seen a man who loved virtue as much as sex". Yet, he never lost his
faith in the transforming and sustaining power of education. Right: a painting depicting normal life in a Confucian society; see the same society pre-Confucius.
Confucius believed that cultivation of the self lies at the
root of social
order, which in turn is the basis for peace and political stability.
A progressive and radical thinker in his time, he approved his
society's move away
from a slave-owning to a feudal age (taking this out of context,
modern commies and capitalists have called him reactionary). Worthy
men, he said, were under no obligation to serve unworthy rulers, and
must be prepared to sacrifice their lives in defense of principle.
Analects 9:26 says: "One
may rob an army of its commander-in-chief; one cannot deprive the
humblest man of his free will." A good government rules humanely, "by
virtue and moral example rather than by punishment of force." The
canon enumerates the qualities of the exemplary ruler. For instance, he
must possess five virtues: benevolence, righteousness, propriety,
wisdom, and trustworthiness.
He must use nine standards to
the empire: cultivating the personal life,
honoring the worthy, being affectionate to relatives, being
toward the great ministers, identifying oneself with the whole body of
officers, treating the common people as one's own children, attracting
the various artisans, showing tenderness to strangers from far
countries, and extending kindly and awesome influence on the feudal
faith" (though it would not disappear as completely as in India).The Confucian canon, notably, was a vital part of the curriculum of China's civil services exams
for 1300 years (until 1905). This China-wide administrative system
(which likely shaped the British model in India) helped forge cultural
homogeneity and common social values, reduce political regionalism, and
build a common identity that made possible the Chinese nationalism of
the twentieth century.Not surprisingly, this came at a price.
According to Jonathan Spence,By the 12th century AD, something approximating a state Confucianism
was in place and over time this came to encapsulate certain general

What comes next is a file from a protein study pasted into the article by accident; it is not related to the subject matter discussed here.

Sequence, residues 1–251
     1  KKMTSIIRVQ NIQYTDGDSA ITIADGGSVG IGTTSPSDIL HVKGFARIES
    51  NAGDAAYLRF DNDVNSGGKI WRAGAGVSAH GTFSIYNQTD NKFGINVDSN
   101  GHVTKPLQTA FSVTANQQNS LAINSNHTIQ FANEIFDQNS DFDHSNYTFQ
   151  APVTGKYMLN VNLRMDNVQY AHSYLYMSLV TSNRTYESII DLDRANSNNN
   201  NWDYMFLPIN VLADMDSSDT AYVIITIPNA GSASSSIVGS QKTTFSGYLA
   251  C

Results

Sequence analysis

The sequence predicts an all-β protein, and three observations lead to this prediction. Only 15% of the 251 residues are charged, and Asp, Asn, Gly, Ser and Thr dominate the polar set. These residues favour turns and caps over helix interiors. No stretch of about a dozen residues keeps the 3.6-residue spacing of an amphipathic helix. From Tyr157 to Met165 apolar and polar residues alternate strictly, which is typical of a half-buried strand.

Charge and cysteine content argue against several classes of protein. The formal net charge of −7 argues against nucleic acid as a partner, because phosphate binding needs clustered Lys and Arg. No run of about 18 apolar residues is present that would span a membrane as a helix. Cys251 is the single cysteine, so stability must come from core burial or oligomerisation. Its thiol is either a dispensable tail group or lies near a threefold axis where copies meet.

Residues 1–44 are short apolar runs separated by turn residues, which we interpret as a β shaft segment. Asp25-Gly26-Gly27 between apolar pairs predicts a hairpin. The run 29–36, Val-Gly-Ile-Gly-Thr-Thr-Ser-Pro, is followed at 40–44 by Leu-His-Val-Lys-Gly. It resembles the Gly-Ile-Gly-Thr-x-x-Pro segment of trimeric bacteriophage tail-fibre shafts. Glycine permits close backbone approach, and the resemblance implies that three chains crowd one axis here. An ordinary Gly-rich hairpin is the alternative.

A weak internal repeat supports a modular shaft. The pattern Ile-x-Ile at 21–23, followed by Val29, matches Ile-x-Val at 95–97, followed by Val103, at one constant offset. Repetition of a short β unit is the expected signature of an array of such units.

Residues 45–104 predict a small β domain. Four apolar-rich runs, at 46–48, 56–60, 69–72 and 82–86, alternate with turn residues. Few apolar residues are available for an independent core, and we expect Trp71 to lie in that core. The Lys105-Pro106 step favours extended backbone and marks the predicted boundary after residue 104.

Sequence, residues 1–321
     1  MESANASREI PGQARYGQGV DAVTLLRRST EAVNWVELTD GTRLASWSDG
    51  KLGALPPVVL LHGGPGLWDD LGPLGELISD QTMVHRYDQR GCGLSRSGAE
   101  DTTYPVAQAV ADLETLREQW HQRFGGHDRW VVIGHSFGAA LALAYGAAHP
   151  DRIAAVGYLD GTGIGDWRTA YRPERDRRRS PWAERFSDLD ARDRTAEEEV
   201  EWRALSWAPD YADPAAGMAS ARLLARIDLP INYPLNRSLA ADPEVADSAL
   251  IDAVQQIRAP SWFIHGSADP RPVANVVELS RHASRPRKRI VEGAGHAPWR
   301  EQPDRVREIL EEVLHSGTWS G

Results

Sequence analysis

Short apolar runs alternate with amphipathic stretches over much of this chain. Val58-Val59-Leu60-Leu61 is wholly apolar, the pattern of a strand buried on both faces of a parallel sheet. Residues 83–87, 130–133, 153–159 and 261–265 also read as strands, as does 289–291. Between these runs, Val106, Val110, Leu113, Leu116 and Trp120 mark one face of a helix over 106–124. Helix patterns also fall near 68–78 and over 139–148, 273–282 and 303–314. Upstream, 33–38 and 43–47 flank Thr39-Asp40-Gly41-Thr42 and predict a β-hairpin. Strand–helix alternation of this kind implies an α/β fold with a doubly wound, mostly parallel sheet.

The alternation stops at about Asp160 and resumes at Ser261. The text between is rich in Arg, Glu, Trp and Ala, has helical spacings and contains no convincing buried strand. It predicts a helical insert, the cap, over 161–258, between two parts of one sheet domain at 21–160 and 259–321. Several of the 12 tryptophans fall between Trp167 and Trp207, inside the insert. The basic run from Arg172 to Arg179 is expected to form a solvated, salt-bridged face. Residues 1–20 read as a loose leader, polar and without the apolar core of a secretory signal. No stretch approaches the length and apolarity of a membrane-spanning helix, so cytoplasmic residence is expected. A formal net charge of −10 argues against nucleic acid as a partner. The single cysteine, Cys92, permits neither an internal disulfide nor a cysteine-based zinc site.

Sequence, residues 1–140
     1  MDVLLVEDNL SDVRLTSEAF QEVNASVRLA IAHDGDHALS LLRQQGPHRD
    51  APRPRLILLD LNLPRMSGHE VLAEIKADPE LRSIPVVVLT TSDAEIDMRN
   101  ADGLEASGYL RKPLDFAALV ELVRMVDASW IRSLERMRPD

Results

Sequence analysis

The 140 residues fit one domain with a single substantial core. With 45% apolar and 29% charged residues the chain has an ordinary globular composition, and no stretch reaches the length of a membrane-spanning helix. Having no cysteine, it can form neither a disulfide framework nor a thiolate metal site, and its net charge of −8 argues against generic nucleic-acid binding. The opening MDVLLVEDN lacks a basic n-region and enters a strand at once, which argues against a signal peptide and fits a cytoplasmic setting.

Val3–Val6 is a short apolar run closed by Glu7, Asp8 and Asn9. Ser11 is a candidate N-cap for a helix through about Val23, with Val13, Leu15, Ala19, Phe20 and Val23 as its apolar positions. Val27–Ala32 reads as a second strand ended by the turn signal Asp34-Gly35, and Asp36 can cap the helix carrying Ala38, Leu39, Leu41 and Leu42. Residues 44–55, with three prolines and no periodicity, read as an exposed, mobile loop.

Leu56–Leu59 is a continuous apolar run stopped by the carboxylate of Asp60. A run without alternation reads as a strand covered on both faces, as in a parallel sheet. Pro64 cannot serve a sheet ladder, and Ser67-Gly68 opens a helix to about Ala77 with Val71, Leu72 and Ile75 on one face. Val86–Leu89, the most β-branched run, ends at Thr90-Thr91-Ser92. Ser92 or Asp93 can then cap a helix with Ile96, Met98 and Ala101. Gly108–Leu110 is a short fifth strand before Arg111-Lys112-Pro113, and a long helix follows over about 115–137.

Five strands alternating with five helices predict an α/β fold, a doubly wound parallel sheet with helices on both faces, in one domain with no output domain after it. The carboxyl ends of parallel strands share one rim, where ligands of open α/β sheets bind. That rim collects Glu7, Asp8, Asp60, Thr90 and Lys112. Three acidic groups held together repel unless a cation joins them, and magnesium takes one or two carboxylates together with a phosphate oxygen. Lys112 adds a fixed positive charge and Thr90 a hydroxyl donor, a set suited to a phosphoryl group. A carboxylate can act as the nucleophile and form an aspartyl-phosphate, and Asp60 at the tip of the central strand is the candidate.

truths that had not figured prominently in the original Analects. For
example, now included under this broad definition of Confucian thought
were hostility to or the demeaning of women, a rigid and inflexible
system of family hierarchies, contempt for trade and capital
accumulation, support of extraordinarily harsh punishments, a slavish
dedication to outmoded rituals of obedience and deference, and a
pattern of sycophantic response to the demands of central imperial
This no doubt contributed to the subsequent stasis in Chinese
civilization. The birthplace of paper, printing, gunpowder, and the
magnetic compass turned inward, uncreative, and xenophobic. The sense
that colonial encounters left behind, the experience of Maoism, and the
worldly Confucian ethos of its people under post-Mao regimes go a long way
in explaining the tenor of modern China.
A new form of Confucianism is ascendant again. The Chinese government
now aggressively promotes it and has even established 120 Confucius Institutes in 50 countries.
Shrines to Confucius now abound in China. "Harmony"
was a notable theme at the Beijing Olympics. The sage has been co-opted
by the market-friendly authoritarian regimes of East Asia to help drive voluntary obedience, law and order, and nationalism.
also withhold a host of human rights from their citizens under the
pretext that "Asian Values" are different from "Western values". That's
not what Confucius would have said. The Analects makes clear that "he stood for something far closer to personal liberty than to unswerving obedience to the state".With thanks to the Shunya Blog for this information. http://blog.shunya.net/shunyas_blog/2008/09/what-confucius.html